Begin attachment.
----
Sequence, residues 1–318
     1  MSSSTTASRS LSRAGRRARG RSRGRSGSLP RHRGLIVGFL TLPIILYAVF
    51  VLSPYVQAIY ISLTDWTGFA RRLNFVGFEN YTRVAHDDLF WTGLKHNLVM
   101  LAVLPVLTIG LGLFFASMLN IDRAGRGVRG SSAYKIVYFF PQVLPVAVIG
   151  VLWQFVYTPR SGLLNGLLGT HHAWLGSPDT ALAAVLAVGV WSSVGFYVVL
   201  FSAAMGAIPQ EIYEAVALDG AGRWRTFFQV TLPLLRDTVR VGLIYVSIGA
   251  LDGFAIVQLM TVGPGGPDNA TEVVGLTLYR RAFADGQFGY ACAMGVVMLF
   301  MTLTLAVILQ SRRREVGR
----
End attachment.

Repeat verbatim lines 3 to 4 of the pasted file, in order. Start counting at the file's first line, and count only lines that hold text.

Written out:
    51  VLSPYVQAIY ISLTDWTGFA RRLNFVGFEN YTRVAHDDLF WTGLKHNLVM
   101  LAVLPVLTIG LGLFFASMLN IDRAGRGVRG SSAYKIVYFF PQVLPVAVIG